One of the nice things about Pre-Hospital Emergency Medicine (PHEM) Training is that it goes beyond “just” clinical medicine, and if you look at the curriculum, you’ll see that it encompasses a whole host of other elements of pre-hospital medicine such as Control, Crew Resource Management, Legislation etc.
Last October, I was very fortunate to be able to spend a day in the control room of @EMASNHSTrust, to find out a bit more about what the oft ethereal and mystical “control” actually does.
I suppose the first thing to say is that Control isn’t one person, it’s actually a team of teams of people; broadly speaking they’re split into the following groups, and over the course of the day I was able to spend time with each of them:
And whilst the rest of this article is going to talk about my experiences in a specific Control Room, every ambulance trust will have a broadly similar setup with people fulfilling similar roles. In addition to this there are people responsible for managing the Control Room as a whole, and troubleshooting any issues that may arise.
This is the group of people that you speak to when you dial 999, they have a very specific ‘script’ to follow, encompassing branching logic to ensure that a call is categorised appropriately and that the most appropriate response is allocated to it by the dispatchers. Additionally, it includes telephone advice on what to do / how to manage certain situations, for example: epistaxis or CPR.
There are many different systems in use to guide call takers through this process, examples include the AMPDS and NHS pathways systems. An example AMPDS card was floating around Twitter recently, although I don’t recall seeing it in the backup stack when I was having a look through,
Whilst listening to the call takers I was amazed at how calm they managed to be, despite having to speak to some very distressed people who were sometimes confused, agitated, upset, and often in very distressing circumstances. They were calm and professional and ensured that they got the information that was required to put into the CAD (Computer Aided Dispatch) system so that help could be arranged. I think it’s fair to say that I don’t think I could do their job, and I have the utmost respect for what has to be, on occasion, an extremely challenging role.
One of the first things that the Call takers establish is the exact location of the incident, this is obviously easier if the call is made from a landline as opposed to a mobile phone. As soon as this is known, the dispatchers can start to consider which resource(s) they can send to the incident. As further information is established by the call takers, so the priority of the call can be established, and this then helps them to decide who to send.
Options include a clinician on a car, ambulance, officer, Community First Responder (CFR) or multiple resources (they also work closely with the specialist dispatchers – see below, if specific resources are needed).
Because of the constant supply of new calls coming in with different priorities, and different locations, this isn’t as easy as it initially sounds. Sometimes an ambulance may need to be ‘diverted’ from a lower priority call to a higher one if it is the closest resource. The CAD system is able to help with this decision making by showing locations and ETA’s, but it’s still down to the dispatchers to work out who to send. To make this easier, the dispatchers are split into teams covering different geographic areas, for example: a county. They have a ‘pool’ of crews that they allocate jobs to in order to ensure adequate cover across the region.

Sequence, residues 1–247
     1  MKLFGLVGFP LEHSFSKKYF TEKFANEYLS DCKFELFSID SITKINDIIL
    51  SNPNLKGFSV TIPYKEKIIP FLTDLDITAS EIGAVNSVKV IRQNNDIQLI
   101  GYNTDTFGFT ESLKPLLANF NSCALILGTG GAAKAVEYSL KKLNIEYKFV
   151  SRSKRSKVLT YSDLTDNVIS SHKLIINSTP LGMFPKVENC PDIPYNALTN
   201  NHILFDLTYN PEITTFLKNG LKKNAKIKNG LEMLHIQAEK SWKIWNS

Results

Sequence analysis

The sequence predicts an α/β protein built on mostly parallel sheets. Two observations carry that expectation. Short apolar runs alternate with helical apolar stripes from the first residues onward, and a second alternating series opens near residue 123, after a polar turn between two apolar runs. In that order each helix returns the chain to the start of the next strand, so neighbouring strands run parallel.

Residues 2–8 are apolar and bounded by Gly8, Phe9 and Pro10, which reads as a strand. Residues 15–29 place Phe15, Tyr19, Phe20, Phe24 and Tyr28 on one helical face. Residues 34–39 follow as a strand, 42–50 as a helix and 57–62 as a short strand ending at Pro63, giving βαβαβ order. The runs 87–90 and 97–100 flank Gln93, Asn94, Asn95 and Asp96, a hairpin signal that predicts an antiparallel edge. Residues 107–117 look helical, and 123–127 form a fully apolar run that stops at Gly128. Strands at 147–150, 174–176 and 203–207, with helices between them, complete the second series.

Sometimes, people who call 999 will have their call prioritised as a Green 3 or Green 4. This means that a clinician (usually a paramedic or nurse) based in the control room will speak to the caller to establish what is wrong with the patient, and whether a ‘blue light’ ambulance is required, or whether the patient can be directed to a more appropriate care pathway, be it self care, pharmacy, minor injuries, GP, or making their own way to an Emergency Department.
The other part of the clinical advice role is receiving calls from ambulance crews who have a question about the care of the patient they’re seeing, or want some advice or a second opinion.
It was very interesting watching the clinical advice team do their work, and listening to how they work through a similar process to the one I work through when I’m seeing a patient face to face, to establish what is happening and then make appropriate decisions about further care. I suppose the trickiest thing about this role is the fact that you can’t see the patient, so you have to rely on what you’re being told, since that person is quite literally your ‘eyes and ears’.
This is probably the best term I could think of to describe the people responsible for dispatching the ‘special’ resources, by this I mean the HEMS and HART teams, alongside management of the bigger incidents requiring multiple resources, this means that the dispatchers can continue with their routine work of ensuring that other emergency calls are covered.
These are obviously the people that I usually speak to when I’m working in my PHEM role, so it was great to be able to put faces to names. Alongside being alerted to incidents by others in the control room, the dispatchers on these desks were constantly scanning through the CAD, looking for jobs that might need input from specialist teams, listening in on calls as they were still taking place, and getting updates from crews who were with patients to see if further assistance was needed.
Overall it was a great day, and it was fantastic to get an insight into how Control works. I’d like to say another big thank you for @EMASNHSTrust for having me, it was great to meet everyone and I look forward to speaking to you soon.